THE widow of a North Yorkshire pilot who died in a biplane crash in Australia has spoken for the first time following a celebration of his life.

Alex “Jimmy” Rae, 26, from Easingwold was piloting the vintage Tiger Moth biplane in an aerobatic flight at about 3,000 feet over the coast of Brisbane, when it crashed into the sea.

Mr Rae and his passenger, 21-year-old Taissia Umenc, were both killed.

Mr Rae’s widow Alice Walker Rae, pictured above, said the couple were recently married and had been living and working in Australia for some time. They first met at Easingwold School, and Mrs Walker Rae thanked friends and family from North Yorkshire for their support following her husband’s death.

She spoke as it emerged the Australian Transport Safety Bureau (ATSB) – investigating the crash – said the final minutes of the flight were captured on a digital video camera which had been recovered from the wreckage and showed the left wings of the plane had failed mid-air.

Speaking to The Press yesterday, Mrs Walker Rae, said: “We were both from York so it’s nice that everyone back home has been so supportive.

“We held his funeral on Christmas Eve and send-off with everyone today, on the beach with over a hundred people and a fly-by with two Tiger Moths.

“It was the best send-off anyone could have, it’s been brilliant. The funeral was just a family affair on Christmas Eve, but today was everyone who knew Jimmy in Australia coming together. It was fantastic.”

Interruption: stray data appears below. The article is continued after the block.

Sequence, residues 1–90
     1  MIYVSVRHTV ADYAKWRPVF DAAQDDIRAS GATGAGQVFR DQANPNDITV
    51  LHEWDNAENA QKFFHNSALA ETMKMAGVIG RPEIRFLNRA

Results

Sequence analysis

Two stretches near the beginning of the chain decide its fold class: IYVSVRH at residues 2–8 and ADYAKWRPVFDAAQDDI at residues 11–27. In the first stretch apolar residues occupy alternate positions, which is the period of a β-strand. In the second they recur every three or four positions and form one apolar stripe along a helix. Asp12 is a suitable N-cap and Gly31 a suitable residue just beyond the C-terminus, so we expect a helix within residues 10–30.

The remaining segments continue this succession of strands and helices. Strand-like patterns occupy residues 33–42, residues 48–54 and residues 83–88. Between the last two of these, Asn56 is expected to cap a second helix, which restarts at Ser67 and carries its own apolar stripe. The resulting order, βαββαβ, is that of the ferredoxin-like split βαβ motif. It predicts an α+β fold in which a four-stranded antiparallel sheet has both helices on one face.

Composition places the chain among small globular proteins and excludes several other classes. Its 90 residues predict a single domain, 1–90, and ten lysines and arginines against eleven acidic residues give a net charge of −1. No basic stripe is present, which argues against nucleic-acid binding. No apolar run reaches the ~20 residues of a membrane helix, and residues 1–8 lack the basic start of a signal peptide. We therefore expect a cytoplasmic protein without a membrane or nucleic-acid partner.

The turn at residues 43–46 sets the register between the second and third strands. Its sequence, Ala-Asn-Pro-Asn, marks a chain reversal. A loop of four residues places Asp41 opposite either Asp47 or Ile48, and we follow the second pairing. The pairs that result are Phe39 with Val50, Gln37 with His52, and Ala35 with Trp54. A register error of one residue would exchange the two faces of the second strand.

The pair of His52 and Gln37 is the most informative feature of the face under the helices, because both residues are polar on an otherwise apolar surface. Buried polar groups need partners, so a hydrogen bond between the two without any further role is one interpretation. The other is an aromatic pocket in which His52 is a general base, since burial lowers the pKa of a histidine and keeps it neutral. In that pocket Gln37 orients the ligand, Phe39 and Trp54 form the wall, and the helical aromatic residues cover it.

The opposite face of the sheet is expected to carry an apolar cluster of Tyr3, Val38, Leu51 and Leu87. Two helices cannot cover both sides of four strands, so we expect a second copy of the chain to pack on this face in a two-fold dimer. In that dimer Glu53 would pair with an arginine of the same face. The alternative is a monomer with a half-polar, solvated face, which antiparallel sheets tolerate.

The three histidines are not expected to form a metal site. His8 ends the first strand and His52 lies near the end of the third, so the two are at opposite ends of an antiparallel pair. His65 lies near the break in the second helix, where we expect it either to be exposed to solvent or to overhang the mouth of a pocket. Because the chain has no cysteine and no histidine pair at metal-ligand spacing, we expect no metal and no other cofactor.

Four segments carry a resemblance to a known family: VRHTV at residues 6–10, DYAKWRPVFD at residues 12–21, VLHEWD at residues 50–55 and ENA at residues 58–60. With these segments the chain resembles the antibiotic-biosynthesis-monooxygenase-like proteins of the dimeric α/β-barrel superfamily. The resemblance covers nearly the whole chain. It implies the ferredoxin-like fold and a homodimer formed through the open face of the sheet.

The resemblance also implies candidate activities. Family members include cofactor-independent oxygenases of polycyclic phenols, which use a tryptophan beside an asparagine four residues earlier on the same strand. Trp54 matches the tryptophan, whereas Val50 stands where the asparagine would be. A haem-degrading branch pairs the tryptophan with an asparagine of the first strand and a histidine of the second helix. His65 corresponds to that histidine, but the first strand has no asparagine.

Following the crash, on December 16, part of the plane’s propeller and its ID badge washed up on a beach, but divers have also recovered more of the aircraft from the sea bed, where the cockpit of the Tiger Moth was found about 40 metres away from the engine.

Two GoPro digital cameras were attached to the plane, and the ATSB said it had already recovered footage of the final flight for an initial report into the crash.

The report said: “Witnesses observed the aircraft impact the water about 300 metres to the east of South Stradbroke Island at about 12.24pm Eastern Standard Time.

“The aircraft was fitted with two cameras associated with the conduct of joy flight activities. One of the cameras, a digital video camera, was recovered from the accident site, and the stored data was successfully downloaded. The video footage shows that, about eight minutes after take-off, the aircraft commenced aerobatic manoeuvres. About one minute later during an aerobatic manoeuvre, the left wings failed.”

The report said most of the wreckage had been recovered and a “detailed examination” would take place to determine the nature of the failure, but weather conditions were not considered to be a significant factor.

The ATSB said there has only been one previous case of “an in-flight breakup” involving similar planes between 1969 and 2013 - a crash in February 1998 which also involved a Tiger Moth performing aerobatics. The full findings of the investigation will not be made public for a year, and the footage from the onboard cameras would not be released.